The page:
November 04, 2020
November 04, 2020
Chairman Greenspan and Chairman McColley, members of the Committee, thank you for the opportunity to submit written testimony to the Joint Legislative Committee on Ohio’s Road to Our Future. I am Amanda Woodrum, Senior Researcher for Policy Matters Ohio, a non-profit dedicated to promoting a more sustainable, equitable, inclusive and vibrant Ohio. For the past decade or so, I have also led a statewide network of diverse stakeholders, MOVE Ohio (Mobility and Opportunity for a Vibrant Ohio), calling on the state to adequately fund public transportation as well as safe pedestrian and bicycling infrastructure.
As many of you likely know, the state of Ohio has long underinvested in public transit, a more affordable, accessible and environmentally-friendly mode of transportation. Over the last several decades, nearly all our state’s multi-billion dollar transportation budget has gone toward roads and highways, creating a transportation system that makes it very difficult to get by without a car. However, cars are expensive to own, expensive to operate and expensive to maintain. For low-income Ohioans, cars are often prohibitively expensive. For elderly people and people with disabilities, driving may not be an option at all. According to governing.com, 67% of Black commuters relied on public transit in Cincinnati and 70% in Cleveland.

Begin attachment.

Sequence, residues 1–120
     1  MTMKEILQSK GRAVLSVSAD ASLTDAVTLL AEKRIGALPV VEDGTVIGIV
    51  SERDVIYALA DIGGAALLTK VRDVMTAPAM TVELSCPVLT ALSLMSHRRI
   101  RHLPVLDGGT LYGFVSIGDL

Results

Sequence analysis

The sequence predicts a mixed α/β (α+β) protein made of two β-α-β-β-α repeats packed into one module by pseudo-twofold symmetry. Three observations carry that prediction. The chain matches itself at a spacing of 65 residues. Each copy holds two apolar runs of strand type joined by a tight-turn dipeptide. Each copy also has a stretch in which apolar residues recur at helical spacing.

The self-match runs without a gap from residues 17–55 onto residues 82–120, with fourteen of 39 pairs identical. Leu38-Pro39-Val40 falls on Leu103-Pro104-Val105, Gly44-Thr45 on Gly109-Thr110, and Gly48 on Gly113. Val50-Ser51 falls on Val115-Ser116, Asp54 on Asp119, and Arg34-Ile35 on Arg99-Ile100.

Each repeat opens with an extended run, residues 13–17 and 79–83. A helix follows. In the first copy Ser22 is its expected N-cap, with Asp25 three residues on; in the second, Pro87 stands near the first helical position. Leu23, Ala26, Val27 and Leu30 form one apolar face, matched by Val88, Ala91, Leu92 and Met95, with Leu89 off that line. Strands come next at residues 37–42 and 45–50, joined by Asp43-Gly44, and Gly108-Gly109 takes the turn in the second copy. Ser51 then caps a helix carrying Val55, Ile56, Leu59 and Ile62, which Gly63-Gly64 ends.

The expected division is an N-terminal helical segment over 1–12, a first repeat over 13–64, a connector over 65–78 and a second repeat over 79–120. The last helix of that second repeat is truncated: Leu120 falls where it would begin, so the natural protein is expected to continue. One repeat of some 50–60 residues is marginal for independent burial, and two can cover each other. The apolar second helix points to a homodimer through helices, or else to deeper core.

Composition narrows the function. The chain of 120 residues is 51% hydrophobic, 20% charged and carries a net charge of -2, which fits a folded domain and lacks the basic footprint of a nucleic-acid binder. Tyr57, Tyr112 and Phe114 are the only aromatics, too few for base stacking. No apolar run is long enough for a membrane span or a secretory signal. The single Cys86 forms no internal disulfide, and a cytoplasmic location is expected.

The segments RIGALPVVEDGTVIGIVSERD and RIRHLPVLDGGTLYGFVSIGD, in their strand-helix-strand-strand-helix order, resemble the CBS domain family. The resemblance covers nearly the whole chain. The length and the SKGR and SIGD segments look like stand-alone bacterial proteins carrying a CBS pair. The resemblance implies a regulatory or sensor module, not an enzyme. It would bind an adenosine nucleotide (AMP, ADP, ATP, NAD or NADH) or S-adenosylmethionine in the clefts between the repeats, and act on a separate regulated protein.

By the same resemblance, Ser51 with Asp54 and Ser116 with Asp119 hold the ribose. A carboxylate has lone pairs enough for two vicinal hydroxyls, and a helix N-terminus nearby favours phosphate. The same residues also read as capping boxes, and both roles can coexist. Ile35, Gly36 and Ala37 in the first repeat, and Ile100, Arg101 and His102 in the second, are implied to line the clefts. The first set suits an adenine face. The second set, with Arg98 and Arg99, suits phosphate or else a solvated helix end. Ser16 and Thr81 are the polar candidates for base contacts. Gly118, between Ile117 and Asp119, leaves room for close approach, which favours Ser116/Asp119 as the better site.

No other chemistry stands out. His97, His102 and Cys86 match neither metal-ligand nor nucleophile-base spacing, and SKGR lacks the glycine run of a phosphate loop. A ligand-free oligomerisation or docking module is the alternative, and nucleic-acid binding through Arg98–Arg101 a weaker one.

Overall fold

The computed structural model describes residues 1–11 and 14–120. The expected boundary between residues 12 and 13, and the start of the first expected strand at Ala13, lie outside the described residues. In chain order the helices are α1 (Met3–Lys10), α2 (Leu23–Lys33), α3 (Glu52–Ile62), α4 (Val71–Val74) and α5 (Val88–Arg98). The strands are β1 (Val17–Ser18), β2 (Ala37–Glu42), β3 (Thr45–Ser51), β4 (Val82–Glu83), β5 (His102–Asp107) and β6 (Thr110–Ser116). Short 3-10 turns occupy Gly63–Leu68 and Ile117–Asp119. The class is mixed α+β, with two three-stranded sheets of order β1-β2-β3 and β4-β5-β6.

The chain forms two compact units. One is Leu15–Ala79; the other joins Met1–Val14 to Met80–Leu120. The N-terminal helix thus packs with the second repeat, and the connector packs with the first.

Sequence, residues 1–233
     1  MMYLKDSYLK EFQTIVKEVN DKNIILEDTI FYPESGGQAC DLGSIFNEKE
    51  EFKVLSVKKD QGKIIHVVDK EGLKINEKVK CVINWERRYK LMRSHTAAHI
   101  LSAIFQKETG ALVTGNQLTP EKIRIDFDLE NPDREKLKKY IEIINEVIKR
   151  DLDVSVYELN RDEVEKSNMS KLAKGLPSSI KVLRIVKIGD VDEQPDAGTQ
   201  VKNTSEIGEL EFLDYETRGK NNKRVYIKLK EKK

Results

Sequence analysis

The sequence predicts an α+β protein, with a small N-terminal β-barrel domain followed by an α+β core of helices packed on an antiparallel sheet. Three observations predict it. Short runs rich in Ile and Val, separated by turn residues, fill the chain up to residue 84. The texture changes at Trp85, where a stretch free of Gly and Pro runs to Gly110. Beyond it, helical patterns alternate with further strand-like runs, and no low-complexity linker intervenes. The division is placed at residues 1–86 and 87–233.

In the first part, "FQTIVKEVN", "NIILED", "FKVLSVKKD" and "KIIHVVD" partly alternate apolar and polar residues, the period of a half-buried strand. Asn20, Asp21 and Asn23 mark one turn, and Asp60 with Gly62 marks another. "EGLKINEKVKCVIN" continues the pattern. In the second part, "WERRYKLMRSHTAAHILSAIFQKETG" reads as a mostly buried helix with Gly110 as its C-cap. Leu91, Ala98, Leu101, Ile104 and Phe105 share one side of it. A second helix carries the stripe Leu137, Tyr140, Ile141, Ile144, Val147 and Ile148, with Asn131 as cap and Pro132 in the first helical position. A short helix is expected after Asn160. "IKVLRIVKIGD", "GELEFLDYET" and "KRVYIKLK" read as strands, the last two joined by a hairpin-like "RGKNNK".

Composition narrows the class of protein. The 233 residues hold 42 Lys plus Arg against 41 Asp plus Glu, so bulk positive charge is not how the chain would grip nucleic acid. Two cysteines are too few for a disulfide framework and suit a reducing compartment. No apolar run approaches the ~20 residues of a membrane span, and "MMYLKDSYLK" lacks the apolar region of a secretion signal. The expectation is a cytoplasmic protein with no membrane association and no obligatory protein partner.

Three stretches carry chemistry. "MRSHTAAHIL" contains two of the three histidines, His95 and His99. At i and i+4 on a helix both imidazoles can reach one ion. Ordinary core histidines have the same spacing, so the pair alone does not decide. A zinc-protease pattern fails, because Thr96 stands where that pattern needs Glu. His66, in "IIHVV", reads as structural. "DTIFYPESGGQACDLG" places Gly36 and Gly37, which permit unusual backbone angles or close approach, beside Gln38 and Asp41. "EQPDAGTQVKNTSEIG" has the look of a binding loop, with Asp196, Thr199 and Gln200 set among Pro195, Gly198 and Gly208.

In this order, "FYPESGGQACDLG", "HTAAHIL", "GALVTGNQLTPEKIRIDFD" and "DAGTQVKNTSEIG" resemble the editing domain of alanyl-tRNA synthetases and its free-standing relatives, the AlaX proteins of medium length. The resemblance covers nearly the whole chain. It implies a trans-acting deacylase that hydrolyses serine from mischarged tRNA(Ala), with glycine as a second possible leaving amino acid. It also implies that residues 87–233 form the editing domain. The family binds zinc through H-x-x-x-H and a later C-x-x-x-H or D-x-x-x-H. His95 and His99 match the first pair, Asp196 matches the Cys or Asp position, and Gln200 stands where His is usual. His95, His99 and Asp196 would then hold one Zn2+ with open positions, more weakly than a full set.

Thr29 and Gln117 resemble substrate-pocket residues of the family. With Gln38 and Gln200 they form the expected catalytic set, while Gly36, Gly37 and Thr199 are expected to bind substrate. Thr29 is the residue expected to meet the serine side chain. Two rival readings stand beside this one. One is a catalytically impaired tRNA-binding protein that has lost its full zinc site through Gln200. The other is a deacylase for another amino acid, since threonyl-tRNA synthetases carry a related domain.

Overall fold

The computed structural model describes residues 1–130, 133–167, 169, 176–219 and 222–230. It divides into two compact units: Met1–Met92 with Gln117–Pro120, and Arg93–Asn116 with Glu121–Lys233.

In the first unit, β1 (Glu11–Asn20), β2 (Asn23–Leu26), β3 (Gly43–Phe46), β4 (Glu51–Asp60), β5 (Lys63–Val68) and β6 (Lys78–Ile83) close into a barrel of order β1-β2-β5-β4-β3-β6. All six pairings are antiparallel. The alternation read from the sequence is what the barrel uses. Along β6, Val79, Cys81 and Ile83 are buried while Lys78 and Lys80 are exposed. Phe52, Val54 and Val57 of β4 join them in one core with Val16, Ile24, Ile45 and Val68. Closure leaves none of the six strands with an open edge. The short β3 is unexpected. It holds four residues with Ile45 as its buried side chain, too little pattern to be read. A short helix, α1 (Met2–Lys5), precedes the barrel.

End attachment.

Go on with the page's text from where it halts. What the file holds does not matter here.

Transportation barriers to jobs, education and training, health care, and retail stores foster a racial, health and economic divide in this state, by limiting access to employment, opportunity and good health. As legislative champions for the future of Ohio’s transportation system, we implore this committee to recognize the value public transportation can play in promoting education and opportunity for all Ohioans, whether they are Black or White, rich or poor.
Ensure all Ohioans can get to work, school, the doctor's office, and the grocery store by expanding funding for more accessible, affordable public transit and safe pedestrian and bicycling infrastructure. In the FY2020-FY2021 Transportation Budget, Ohio legislators made a solid step in the right direction, increasing funding levels to $70 million per year. Thank you all for the role you played in recognizing investments in public transportation are critical to achieving equal opportunity for all, a basic tenet of American democracy. For that same reason, we recommend funding public transit at the level recommended by the Ohio Department of Transportation’s Transit Needs Study (2015), which suggested that the state should support a full 10% of Ohio’s $1.84 billion annual public transportation need. This requires an annual appropriation for public transportation of roughly $185 million in each fiscal year into the future, starting with the upcoming FY2022-FY2023 budget.
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